Animal Rights

My Dog Ate My Prozac

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Zombie dog takes too many meds

The New York Times reports that we're more like our dogs—or, they're more like us—than we might want to admit. Our dogs are overweight, neurotic, and depressed:

Allan pointed to Max, who was lying on the floor and staring at his tail. He looked angry at it, disturbed by it. "You can see the pressure building in his psyche until he's ready to explode," Michelle said. And then he did: Max jumped to his feet and lunged. His jaws snapped, catching only air, and he spun counterclockwise in place, an accelerating blur of fur and teeth and frustration. Tail-chasing is normal—except that Max did it daily, often for hours on end. "He's like a junkie needing a fix," Allan said. "At times he can't not do it. He goes berserk."

Pet owners can buy meds to treat anything from compulsive disorder (as in the case of Max, above) and obesity to separation anxiety disorder. And as with humans, the drugs are accompanied by therapy:

[S]cientists in an expanding field known as behavioral pharmacology say that the combination of new drug therapies and progressive training techniques can solve problems that in the past almost always resulted in euthanasia.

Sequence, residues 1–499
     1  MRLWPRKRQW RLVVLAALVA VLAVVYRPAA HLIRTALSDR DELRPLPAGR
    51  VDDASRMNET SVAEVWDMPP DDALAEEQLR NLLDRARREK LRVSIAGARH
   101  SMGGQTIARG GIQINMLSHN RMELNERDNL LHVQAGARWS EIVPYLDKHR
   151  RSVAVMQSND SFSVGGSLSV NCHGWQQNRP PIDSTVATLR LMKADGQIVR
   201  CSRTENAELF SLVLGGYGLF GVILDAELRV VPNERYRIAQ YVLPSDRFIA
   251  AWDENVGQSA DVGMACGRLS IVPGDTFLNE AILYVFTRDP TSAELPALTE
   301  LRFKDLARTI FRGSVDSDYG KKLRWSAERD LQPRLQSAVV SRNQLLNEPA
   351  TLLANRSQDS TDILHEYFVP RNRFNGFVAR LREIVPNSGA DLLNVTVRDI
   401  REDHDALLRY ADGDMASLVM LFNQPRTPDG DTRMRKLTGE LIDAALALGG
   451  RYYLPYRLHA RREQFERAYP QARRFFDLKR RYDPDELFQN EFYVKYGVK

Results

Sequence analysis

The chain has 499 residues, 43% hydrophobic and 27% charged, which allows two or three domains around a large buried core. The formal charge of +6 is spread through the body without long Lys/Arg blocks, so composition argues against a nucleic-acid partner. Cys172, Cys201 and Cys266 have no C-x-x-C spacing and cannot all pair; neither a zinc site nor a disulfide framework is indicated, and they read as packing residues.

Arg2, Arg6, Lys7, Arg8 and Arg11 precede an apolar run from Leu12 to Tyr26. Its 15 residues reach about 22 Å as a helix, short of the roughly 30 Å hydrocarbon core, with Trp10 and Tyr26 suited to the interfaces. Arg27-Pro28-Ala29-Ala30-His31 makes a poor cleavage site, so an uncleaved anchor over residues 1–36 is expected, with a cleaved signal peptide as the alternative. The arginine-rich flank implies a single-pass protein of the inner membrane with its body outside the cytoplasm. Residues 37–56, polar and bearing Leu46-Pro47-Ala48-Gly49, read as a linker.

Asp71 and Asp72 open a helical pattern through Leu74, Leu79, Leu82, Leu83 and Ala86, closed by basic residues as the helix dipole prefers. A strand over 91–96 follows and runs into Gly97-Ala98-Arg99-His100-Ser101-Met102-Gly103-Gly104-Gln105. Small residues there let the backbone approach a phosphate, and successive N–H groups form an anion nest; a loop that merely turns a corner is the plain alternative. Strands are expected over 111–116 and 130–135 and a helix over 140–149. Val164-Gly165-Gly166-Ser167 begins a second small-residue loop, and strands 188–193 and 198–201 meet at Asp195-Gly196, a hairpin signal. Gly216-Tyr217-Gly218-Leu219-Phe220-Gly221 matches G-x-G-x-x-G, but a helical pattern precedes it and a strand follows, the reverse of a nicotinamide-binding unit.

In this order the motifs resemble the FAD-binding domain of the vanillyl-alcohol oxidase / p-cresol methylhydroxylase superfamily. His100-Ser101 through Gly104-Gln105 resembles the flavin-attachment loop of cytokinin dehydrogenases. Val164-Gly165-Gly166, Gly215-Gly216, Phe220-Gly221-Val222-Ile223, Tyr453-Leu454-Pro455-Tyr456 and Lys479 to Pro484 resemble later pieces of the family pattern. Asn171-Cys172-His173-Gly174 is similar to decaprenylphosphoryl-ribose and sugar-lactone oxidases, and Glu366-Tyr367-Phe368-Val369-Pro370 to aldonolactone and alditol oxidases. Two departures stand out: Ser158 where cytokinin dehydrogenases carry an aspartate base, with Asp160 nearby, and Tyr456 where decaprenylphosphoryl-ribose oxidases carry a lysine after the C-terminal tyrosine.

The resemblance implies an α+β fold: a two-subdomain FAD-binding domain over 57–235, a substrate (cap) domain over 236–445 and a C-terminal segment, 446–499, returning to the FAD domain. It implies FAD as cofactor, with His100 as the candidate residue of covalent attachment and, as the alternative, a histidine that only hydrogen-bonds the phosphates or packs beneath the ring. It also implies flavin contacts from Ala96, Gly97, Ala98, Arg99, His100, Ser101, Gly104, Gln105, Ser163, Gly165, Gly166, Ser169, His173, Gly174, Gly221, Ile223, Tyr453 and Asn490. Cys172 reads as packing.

Seeing as a dog's life is worth considerably less than a human's life, I wonder if the FDA approves drugs for animals in a shorter period of time than it does for humans?

reason's FDA archive here.

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  1. You know, dogs are a lot like people. To the extent that some dogs might have…subnormal intelligence…causing them to do things like…chase their own tails for four hours. Just saying.

  2. Oh, I forgot. [citation needed]

  3. My dog chases rabbits and squirrels or gnaws on plush toys when he gets stressed. I wonder how many of these dogs are living places where they have nothing to chase, play with, or chew.